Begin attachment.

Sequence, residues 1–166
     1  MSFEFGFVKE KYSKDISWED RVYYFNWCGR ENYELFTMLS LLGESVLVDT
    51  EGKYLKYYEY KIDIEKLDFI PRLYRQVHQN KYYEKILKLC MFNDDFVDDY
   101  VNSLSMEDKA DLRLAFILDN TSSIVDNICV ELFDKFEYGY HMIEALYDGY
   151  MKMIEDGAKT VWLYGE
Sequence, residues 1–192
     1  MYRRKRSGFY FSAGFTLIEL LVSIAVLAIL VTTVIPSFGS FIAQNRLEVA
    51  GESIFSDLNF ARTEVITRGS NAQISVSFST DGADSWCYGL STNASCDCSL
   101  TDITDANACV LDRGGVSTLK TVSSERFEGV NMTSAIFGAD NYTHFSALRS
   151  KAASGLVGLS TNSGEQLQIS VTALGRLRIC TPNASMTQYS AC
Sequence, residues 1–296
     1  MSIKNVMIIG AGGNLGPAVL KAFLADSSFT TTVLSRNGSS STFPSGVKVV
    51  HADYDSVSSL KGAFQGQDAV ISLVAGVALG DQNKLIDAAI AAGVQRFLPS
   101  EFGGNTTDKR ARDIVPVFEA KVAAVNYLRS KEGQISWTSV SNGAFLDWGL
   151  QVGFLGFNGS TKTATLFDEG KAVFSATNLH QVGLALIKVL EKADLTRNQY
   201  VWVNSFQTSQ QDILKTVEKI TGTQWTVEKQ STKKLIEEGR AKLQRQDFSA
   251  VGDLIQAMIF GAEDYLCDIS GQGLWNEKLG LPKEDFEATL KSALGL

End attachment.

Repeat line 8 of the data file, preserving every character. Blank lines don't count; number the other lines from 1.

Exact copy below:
    51  GESIFSDLNF ARTEVITRGS NAQISVSFST DGADSWCYGL STNASCDCSL